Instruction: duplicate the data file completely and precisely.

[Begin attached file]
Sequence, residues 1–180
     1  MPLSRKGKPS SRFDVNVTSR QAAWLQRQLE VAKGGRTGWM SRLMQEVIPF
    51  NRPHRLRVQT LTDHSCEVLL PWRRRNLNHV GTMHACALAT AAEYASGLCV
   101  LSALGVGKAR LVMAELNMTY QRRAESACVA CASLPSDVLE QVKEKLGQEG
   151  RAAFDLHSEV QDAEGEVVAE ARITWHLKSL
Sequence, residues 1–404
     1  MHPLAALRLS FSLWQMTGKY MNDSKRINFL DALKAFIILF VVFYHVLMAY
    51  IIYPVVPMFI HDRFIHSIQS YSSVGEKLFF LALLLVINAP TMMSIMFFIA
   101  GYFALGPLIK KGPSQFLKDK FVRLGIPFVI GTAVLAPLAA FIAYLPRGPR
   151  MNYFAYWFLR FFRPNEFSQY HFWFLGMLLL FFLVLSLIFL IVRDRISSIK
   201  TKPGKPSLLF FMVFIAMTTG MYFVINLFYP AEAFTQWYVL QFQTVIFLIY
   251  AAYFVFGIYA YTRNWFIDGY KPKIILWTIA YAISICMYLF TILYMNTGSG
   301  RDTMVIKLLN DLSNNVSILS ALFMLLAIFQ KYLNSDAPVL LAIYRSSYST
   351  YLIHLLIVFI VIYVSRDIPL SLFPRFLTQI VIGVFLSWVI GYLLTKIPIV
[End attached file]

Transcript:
Sequence, residues 1–180
     1  MPLSRKGKPS SRFDVNVTSR QAAWLQRQLE VAKGGRTGWM SRLMQEVIPF
    51  NRPHRLRVQT LTDHSCEVLL PWRRRNLNHV GTMHACALAT AAEYASGLCV
   101  LSALGVGKAR LVMAELNMTY QRRAESACVA CASLPSDVLE QVKEKLGQEG
   151  RAAFDLHSEV QDAEGEVVAE ARITWHLKSL
Sequence, residues 1–404
     1  MHPLAALRLS FSLWQMTGKY MNDSKRINFL DALKAFIILF VVFYHVLMAY
    51  IIYPVVPMFI HDRFIHSIQS YSSVGEKLFF LALLLVINAP TMMSIMFFIA
   101  GYFALGPLIK KGPSQFLKDK FVRLGIPFVI GTAVLAPLAA FIAYLPRGPR
   151  MNYFAYWFLR FFRPNEFSQY HFWFLGMLLL FFLVLSLIFL IVRDRISSIK
   201  TKPGKPSLLF FMVFIAMTTG MYFVINLFYP AEAFTQWYVL QFQTVIFLIY
   251  AAYFVFGIYA YTRNWFIDGY KPKIILWTIA YAISICMYLF TILYMNTGSG
   301  RDTMVIKLLN DLSNNVSILS ALFMLLAIFQ KYLNSDAPVL LAIYRSSYST
   351  YLIHLLIVFI VIYVSRDIPL SLFPRFLTQI VIGVFLSWVI GYLLTKIPIV